“Setting aside the actual cost of these additional years of education,” I replied, “we should not have thought we could afford the loss of time from industrial pursuits. Boys of the poorer classes usually went to work at sixteen or younger, and knew their trade at twenty.”
“We should not concede you any gain even in material product by that plan,” Dr. Leete replied. “The greater efficiency which education gives to all sorts of labor, except the rudest, makes up in a short period for the time lost in acquiring it.”
“We should also have been afraid,” said I, “that a high education, while it adapted men to the professions, would set them against manual labor of all sorts.”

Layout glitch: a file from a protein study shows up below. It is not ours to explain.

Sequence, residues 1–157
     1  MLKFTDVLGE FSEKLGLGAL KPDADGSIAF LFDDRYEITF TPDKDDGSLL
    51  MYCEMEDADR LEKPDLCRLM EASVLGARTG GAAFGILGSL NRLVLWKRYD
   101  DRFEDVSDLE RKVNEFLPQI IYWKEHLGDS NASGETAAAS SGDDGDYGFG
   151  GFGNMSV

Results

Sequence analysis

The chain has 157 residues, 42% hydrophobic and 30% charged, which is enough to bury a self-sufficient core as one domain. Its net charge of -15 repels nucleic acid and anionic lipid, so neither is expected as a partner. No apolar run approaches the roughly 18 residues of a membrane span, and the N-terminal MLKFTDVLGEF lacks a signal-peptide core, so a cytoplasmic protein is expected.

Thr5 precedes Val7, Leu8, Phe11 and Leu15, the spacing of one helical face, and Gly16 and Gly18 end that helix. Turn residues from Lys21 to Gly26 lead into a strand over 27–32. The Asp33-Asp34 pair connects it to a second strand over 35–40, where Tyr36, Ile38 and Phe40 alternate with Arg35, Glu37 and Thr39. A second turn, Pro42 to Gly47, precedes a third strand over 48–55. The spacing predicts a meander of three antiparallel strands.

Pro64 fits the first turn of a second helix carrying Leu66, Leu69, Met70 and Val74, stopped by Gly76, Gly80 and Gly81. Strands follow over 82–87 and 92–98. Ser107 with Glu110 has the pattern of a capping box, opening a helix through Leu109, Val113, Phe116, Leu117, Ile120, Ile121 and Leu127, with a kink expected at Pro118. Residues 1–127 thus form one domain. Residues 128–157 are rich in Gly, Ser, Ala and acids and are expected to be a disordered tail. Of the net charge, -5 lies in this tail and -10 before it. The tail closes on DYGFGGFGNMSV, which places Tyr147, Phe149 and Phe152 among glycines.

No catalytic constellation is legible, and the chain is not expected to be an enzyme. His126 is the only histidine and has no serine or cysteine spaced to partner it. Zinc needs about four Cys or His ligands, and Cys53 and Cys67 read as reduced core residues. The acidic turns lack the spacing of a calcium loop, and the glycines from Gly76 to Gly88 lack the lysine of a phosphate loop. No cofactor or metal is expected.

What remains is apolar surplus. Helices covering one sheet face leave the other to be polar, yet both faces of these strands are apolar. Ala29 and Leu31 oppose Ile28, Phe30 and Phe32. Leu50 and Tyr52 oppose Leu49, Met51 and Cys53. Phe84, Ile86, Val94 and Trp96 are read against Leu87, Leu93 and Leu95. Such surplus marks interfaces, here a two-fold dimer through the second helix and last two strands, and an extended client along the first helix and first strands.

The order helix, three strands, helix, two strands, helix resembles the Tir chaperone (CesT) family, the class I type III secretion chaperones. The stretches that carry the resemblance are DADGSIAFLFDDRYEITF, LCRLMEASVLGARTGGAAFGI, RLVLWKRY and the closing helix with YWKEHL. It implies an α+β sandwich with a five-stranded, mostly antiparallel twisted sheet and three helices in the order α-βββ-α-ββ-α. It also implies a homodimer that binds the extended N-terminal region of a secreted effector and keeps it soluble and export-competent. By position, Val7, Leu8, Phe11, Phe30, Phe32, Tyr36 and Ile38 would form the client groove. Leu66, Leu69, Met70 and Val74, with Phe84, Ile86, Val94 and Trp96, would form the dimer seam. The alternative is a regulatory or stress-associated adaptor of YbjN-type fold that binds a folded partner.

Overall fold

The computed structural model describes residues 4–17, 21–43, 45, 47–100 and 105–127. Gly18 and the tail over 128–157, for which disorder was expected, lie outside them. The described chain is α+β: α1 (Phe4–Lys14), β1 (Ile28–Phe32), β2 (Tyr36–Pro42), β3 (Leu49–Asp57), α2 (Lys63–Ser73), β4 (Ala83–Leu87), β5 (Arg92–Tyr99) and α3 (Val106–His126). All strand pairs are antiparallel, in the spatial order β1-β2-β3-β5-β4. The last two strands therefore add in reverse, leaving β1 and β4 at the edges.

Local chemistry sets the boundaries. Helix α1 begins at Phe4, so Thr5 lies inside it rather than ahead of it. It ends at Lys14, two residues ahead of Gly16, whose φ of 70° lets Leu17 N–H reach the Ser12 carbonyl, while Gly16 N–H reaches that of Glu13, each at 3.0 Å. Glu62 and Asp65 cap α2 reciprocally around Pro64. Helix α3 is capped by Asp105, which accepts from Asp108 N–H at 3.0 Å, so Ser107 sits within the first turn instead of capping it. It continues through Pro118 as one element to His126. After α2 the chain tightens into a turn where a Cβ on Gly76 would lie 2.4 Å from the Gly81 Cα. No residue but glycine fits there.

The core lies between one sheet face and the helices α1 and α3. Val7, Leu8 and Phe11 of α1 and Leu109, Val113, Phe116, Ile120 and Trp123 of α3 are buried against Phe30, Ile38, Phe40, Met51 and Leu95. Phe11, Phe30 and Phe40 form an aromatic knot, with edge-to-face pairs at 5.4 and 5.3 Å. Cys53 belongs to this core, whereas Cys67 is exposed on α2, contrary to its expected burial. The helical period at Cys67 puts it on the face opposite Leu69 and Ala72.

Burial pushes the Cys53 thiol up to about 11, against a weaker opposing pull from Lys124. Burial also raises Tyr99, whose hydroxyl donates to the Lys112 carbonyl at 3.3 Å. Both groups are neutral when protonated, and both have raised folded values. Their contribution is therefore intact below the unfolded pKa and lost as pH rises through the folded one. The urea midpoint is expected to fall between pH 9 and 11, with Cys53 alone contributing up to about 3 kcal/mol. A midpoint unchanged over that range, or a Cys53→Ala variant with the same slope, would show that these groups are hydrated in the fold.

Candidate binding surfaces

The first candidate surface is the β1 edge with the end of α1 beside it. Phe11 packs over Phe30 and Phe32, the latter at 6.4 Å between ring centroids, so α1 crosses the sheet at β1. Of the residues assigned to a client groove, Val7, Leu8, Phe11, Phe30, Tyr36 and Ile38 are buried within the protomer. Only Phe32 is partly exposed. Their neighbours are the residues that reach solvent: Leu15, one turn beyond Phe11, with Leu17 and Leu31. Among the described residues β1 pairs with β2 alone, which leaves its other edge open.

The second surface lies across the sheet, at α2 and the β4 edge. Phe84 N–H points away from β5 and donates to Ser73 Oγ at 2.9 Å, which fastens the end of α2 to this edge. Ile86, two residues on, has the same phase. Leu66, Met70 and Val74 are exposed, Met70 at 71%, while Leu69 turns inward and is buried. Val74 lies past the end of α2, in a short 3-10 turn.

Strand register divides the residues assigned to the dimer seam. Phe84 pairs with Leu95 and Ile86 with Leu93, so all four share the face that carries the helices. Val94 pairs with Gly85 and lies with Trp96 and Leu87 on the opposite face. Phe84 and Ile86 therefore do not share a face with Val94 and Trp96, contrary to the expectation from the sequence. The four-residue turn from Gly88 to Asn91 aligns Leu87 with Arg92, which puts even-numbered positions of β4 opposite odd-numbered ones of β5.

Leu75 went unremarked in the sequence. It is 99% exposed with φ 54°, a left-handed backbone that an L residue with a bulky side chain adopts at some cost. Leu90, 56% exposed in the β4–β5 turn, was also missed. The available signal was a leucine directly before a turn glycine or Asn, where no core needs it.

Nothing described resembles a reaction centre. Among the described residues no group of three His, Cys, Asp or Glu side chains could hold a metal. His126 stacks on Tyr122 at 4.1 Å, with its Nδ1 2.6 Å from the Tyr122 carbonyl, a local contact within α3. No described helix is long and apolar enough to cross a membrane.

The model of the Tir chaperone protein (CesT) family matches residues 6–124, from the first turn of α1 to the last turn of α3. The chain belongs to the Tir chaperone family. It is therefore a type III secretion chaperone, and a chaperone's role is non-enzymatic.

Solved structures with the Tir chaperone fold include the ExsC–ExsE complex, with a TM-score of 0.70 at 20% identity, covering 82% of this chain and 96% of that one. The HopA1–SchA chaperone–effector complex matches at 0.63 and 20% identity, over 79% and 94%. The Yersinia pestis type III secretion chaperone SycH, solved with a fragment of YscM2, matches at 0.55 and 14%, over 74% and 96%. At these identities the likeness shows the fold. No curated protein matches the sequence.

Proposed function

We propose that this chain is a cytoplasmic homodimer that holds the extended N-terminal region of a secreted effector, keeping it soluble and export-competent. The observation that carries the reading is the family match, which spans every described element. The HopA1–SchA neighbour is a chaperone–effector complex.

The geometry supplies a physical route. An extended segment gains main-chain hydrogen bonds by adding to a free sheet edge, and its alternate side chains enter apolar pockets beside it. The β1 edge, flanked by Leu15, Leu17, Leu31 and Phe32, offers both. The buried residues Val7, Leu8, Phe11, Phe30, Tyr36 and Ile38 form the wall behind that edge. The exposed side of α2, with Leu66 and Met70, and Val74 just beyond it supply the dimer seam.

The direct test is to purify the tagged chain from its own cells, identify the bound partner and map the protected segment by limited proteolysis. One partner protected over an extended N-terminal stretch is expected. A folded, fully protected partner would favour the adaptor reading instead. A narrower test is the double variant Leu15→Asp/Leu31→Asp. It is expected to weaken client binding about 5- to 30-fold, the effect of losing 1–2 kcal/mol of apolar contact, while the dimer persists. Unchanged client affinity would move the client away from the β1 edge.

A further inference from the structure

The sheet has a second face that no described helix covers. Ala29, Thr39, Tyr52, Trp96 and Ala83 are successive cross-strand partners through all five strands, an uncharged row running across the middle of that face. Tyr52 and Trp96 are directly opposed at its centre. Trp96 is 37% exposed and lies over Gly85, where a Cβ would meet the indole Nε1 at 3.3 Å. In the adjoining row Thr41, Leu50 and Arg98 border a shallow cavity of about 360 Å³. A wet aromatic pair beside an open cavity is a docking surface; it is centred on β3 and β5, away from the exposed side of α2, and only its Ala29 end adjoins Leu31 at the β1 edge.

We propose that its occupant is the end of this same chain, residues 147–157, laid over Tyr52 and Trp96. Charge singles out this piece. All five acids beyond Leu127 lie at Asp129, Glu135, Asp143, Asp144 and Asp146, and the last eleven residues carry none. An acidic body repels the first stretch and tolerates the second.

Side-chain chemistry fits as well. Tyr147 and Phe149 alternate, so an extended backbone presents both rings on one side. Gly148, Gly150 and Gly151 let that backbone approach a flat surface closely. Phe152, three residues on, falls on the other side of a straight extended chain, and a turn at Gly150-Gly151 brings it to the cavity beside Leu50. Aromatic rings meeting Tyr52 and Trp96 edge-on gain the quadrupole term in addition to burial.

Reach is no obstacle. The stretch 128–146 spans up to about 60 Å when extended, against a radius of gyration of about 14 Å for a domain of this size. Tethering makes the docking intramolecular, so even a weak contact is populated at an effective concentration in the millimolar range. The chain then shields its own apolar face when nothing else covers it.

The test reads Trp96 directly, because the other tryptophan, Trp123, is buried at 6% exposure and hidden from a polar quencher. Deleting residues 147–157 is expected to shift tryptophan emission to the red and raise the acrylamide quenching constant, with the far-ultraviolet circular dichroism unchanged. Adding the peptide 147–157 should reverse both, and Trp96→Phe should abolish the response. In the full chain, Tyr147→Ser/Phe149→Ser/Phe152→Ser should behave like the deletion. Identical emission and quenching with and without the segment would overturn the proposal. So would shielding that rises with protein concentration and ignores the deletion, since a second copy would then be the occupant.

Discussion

“That was the effect of high education in your day, I have read,” replied the doctor; “and it was no wonder, for manual labor meant association with a rude, coarse, and ignorant class of people. There is no such class now. It was inevitable that such a feeling should exist then, for the further reason that all men receiving a high education were understood to be destined for the professions or for wealthy leisure, and such an education in one neither rich nor professional was a proof of disappointed aspirations, an evidence of failure, a badge of inferiority rather than superiority. Nowadays, of course, when the highest education is deemed necessary to fit a man merely to live, without any reference to the sort of work he may do, its possession conveys no such implication.”